A motion to convene a closed meeting that contains a general reference to the subject matter to be discussed does not satisfy the requirement to identify the subject. If a member feels that a closed meeting discussion strays beyond the matters identified in the motion to convene, that member shall make a statement to that effect to be included in the minutes before the public body votes to certify the closed meeting. In such a situation, it is expected that the member who feels that the discussion strayed will vote against the motion to certify when the vote is called. Further, if the motion to convene a closed meeting purports to discuss a subject (or subjects) but the actual discussion is of some other topic not addressed in the motion, that would be a violation of FOIA.

Moody v. Portsmouth

The letter signed by five members of a city council and presented to another council member in a closed meeting should have been voted on first in open session.

Attorney General Opinion 15-020_Morris

A blanket prohibition against public comment at public meetings on "specific personnel or student concerns" and speech identifying school officials or employees violates free speech principles, as does a prohibition against all "personal attacks."

Denton v. Hopewell

Circuit Court of Richmond Judge W. Allan Sharrett rules Hopewell cannot used a closed meeting to discuss whom to elect to the positions of mayor or vice mayor.

FOI Advisory Council Opinion AO-07-15

Generally, FOIA does not prohibit the release of public records or the exercise of free speech. FOIA does not grant special rights to elected officials that differ from those of other Virginia citizens. Real estate appraisals may be withheld until the completion of a proposed purchase, sale, or lease.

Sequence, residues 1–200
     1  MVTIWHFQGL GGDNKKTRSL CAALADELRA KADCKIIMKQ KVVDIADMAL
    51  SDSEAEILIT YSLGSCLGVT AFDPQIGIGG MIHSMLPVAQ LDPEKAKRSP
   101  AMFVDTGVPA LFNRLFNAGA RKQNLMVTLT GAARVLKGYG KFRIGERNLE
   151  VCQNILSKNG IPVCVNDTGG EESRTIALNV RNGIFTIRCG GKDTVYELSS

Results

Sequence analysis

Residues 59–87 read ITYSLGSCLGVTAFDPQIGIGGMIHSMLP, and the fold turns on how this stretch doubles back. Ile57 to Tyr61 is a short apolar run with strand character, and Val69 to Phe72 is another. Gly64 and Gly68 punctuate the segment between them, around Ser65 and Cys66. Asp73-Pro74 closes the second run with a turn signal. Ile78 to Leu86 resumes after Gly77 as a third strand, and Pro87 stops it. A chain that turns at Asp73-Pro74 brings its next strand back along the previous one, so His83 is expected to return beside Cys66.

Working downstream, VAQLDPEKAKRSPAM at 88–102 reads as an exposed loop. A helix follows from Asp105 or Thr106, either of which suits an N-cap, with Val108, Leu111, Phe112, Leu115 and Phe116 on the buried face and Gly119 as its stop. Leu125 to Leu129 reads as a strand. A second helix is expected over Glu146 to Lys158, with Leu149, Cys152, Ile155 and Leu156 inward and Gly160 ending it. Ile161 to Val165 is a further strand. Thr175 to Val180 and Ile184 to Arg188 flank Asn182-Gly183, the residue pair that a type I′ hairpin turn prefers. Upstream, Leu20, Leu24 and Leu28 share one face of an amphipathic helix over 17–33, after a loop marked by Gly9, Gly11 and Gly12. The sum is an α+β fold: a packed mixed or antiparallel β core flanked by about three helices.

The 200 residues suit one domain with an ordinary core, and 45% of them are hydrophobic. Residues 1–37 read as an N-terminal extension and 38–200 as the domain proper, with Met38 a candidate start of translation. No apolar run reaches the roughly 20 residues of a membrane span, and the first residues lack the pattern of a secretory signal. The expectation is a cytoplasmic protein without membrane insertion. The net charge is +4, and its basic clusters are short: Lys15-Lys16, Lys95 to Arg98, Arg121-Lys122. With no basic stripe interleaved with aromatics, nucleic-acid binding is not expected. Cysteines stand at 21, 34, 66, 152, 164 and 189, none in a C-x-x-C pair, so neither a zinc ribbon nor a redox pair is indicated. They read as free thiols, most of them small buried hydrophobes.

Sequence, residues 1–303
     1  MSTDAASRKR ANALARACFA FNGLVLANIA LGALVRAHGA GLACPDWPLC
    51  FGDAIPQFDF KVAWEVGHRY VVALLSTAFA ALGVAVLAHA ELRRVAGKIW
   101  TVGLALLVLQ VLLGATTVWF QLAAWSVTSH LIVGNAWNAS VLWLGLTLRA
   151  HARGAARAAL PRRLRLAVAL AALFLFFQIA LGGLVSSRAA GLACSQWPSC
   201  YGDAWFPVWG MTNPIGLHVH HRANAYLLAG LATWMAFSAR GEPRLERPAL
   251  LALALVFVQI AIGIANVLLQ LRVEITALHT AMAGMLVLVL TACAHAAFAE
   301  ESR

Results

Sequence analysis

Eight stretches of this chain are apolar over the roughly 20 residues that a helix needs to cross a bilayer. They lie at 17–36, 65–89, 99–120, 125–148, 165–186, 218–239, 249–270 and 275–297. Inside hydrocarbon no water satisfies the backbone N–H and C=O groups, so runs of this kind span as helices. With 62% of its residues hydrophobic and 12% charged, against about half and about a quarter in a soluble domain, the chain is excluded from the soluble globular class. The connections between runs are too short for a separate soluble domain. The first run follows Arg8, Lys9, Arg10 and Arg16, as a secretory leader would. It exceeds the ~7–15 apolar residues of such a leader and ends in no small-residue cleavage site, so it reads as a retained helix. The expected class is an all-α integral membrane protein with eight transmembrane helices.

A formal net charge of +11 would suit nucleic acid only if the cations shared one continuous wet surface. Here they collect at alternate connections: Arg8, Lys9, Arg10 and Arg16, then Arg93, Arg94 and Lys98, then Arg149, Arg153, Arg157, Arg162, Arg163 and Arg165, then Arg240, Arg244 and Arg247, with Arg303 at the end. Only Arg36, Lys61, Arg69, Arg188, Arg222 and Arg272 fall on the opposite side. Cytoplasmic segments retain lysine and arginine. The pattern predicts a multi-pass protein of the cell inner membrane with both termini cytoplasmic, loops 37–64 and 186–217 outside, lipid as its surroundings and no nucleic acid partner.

Attorney General Opinion 2015-027

The Attorney General concluded on Sept. 4, 2015, that the Suffolk Wetlands Board does not have to permit public comment during meetings where public comment is not statutorily required. However, "because of the overarching importance of open government and free discussion with citizens," the AG says that "the Board may from time to time choose to permit public comment when public comment is not required."

FOI Advisory Council Opinion AO-06-15

A local governing body may not convene a closed meeting in order to discuss the salaries of the members pursuant to the personnel closed meeting exemption.

FOi Advisory Council Opinion AO-05-15

Meeting minutes must include a summary of the discussion on matters proposed, deliberated or decided, and a record of any votes taken. A verbatim transcript is not required. A public body has the discretion to include specific comments made at the meeting or not so long as the minutes include the required summary and record of votes.

FOI Advisory Council Opinion AO-07-13

A committee or advisory group of a public body that performs a delegated function or advises the public body is itself a public body. A committee or advisory group created by an individual to advise that individual is not a public body. In either case, however, records prepared, owned, or possessed by the committee or advisory group in the transaction of public business are public records subject to FOIA.

FOI Advisory Council Opinion AO-04-13

A committee that was created by action of a city council, but does not advise the city council or perform a delegated function of the city council, is not a public body subject to FOIA for meetings purposes. However, records of such a committee that are in the transaction of public business are public records subject to FOIA.

FOI Advisory Council Opinion AO-02-13

FOIA is silent regarding the logistics of holding a public meeting. In a situation where the meeting room lacks the capacity to accommodate all those who wish to attend, the best practice is to move to a larger venue and use technology to increase public access, when possible.

FOI Advisory Council Opinion AO-05-12

Subsection F of § 2.2-3707 requires that agenda packets be made available for public inspection at the same time they are furnished to members of the public body

Hill v. Fairfax County School Board

The Supreme Court of Virginia rules that the rapid and extensive exchange of emails leading up to a meeting is not itself a meeting triggering FOIA's requirements.

Attorney General Opinion 12-9-11

AG reviews 4th Circuit opinions that place limits on when and how sectarian prayers can be invoked at public meetings.

FOI Advisory Council Opinion AO-05-11

A rescue squad which is a town department is subject to FOIA for records purposes, but is not subject to the open meetings requirements of FOIA.